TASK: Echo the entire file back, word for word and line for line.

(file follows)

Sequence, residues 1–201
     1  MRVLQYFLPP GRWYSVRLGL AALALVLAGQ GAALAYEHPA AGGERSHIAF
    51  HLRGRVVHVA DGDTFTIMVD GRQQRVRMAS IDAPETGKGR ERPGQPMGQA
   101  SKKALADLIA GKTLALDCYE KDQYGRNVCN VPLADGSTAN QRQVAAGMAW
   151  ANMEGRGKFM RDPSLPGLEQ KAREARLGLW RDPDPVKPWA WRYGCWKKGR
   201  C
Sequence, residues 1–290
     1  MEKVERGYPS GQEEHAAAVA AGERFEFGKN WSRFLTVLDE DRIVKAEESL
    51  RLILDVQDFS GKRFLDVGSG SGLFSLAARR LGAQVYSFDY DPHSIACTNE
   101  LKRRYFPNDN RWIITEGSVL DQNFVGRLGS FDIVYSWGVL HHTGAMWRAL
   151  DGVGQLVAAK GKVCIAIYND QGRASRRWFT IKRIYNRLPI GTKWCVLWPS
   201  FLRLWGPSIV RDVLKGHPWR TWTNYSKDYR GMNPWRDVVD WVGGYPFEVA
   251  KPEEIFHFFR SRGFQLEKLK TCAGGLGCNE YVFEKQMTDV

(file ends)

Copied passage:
Sequence, residues 1–201
     1  MRVLQYFLPP GRWYSVRLGL AALALVLAGQ GAALAYEHPA AGGERSHIAF
    51  HLRGRVVHVA DGDTFTIMVD GRQQRVRMAS IDAPETGKGR ERPGQPMGQA
   101  SKKALADLIA GKTLALDCYE KDQYGRNVCN VPLADGSTAN QRQVAAGMAW
   151  ANMEGRGKFM RDPSLPGLEQ KAREARLGLW RDPDPVKPWA WRYGCWKKGR
   201  C
Sequence, residues 1–290
     1  MEKVERGYPS GQEEHAAAVA AGERFEFGKN WSRFLTVLDE DRIVKAEESL
    51  RLILDVQDFS GKRFLDVGSG SGLFSLAARR LGAQVYSFDY DPHSIACTNE
   101  LKRRYFPNDN RWIITEGSVL DQNFVGRLGS FDIVYSWGVL HHTGAMWRAL
   151  DGVGQLVAAK GKVCIAIYND QGRASRRWFT IKRIYNRLPI GTKWCVLWPS
   201  FLRLWGPSIV RDVLKGHPWR TWTNYSKDYR GMNPWRDVVD WVGGYPFEVA
   251  KPEEIFHFFR SRGFQLEKLK TCAGGLGCNE YVFEKQMTDV